What do we want to know?
This review aims to identify and evaluate the empirical evidence around the question of what schools can do to maximise the participation of all students in their cultures, curricula and communities. The concern is with responses to student diversity per se, and with what schools can do, not merely to maintain the presence of students in school but to maximise their participation in school life. The review also investigates the wide-ranging actions which schools can take to make themselves more inclusive in this sense.
Who wants to know?
Policy-makers, governors, teachers, parents, students, those involved in teacher education.
What did we find?
- Some schools are characterised by an 'inclusive culture'. There is some degree of consensus amongst adults around values of respect for difference and a commitment to offering all students access to learning opportunities. There is likely to be a high level of staff collaboration and joint problem solving, and similar values and commitments may extend into the student body and into parent and other community stakeholders in the school. Leadership styles are also likely to be inclusive and participatory.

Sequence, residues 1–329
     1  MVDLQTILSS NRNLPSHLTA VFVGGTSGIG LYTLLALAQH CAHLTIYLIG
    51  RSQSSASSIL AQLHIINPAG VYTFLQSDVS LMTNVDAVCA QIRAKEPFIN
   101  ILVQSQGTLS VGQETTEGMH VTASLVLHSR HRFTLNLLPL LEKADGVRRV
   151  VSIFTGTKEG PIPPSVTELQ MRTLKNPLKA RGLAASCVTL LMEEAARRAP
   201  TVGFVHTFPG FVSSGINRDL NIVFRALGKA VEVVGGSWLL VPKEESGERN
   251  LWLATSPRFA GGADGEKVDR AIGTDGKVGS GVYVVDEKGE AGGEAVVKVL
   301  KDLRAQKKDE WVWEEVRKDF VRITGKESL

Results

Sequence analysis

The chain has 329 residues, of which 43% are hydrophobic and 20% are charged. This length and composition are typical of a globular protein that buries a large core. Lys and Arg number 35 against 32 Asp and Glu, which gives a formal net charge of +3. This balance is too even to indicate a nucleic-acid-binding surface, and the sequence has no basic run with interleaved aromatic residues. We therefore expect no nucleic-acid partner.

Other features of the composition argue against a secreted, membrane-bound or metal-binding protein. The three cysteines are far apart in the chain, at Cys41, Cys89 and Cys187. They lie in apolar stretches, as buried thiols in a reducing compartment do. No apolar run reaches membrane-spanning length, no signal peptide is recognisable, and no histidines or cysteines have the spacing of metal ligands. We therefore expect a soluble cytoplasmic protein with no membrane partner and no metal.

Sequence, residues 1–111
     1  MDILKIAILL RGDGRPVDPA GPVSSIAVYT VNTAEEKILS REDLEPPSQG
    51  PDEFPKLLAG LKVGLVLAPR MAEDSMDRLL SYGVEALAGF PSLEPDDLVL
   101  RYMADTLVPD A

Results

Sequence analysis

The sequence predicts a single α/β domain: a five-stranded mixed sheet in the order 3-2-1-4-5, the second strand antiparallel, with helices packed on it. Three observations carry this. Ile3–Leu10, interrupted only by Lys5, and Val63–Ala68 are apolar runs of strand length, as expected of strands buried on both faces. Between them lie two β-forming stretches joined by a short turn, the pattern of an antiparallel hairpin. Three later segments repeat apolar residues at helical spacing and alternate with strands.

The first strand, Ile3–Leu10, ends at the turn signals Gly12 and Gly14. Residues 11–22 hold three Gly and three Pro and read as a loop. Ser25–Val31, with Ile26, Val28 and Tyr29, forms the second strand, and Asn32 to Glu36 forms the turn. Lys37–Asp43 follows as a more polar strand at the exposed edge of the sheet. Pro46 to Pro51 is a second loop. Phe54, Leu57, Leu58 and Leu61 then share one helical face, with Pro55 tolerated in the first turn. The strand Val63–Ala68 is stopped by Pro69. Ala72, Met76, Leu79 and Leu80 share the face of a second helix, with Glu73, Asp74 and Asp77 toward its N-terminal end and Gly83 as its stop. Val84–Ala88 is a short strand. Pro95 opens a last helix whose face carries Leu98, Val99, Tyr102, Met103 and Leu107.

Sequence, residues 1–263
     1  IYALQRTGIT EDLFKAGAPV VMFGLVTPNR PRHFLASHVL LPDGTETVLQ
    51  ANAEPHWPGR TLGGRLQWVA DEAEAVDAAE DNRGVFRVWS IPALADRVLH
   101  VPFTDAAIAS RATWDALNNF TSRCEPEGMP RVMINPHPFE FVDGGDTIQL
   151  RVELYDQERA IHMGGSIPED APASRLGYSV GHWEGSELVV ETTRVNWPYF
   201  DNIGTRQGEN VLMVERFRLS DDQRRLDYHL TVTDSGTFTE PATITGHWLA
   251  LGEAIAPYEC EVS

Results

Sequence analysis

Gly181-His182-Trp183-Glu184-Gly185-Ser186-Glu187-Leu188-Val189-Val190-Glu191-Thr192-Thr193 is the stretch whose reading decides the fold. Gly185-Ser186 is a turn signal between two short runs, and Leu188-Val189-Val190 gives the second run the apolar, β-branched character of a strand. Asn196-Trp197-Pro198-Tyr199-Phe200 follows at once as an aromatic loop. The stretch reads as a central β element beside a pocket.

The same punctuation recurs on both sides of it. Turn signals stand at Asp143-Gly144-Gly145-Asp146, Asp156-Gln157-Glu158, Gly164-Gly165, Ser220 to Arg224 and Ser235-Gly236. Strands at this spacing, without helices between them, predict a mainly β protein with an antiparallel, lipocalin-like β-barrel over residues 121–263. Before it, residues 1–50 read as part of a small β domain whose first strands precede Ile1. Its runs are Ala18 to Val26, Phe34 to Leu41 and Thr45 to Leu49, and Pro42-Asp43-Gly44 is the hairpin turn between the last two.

- The extent to which such 'inclusive cultures' lead directly and unproblematically to enhanced student participation is not entirely clear from the research evidence. However, such schools are also likely to make specialist provision in the ordinary classroom rather than by withdrawal, and use constructivist approaches to teaching and learning.
- The local and national policy environment can act to support or to undermine the realisation of schools' inclusive values.
What are the implications?
Schools should pay attention to the development of 'inclusive' cultures and, particularly, to the building of some degree of consensus around inclusive values in the school community.
School leaders should be selected and trained in the light of their commitment to inclusive values and participatory leadership.
The external policy environment should be compatible with inclusive developments.
Schools should remove structural barriers between different groups of students and staff, dismantle separate programmes, services and specialisms, and develop pedagogical approaches which enable students to learn together rather than separately.
Schools should build close relations with parents and communities based on developing a shared commitment to inclusive values.
How did we get these results?
Six key studies were synthesised.
This summary was prepared by the EPPI Centre
This report should be cited as: Dyson A, Howes A, Roberts B (2002) A systematic review of the effectiveness of school-level actions for promoting participation by all students In: Research Evidence in Education Library. London: EPPI Centre, Social Science Research Unit, Institute of Education, University of London.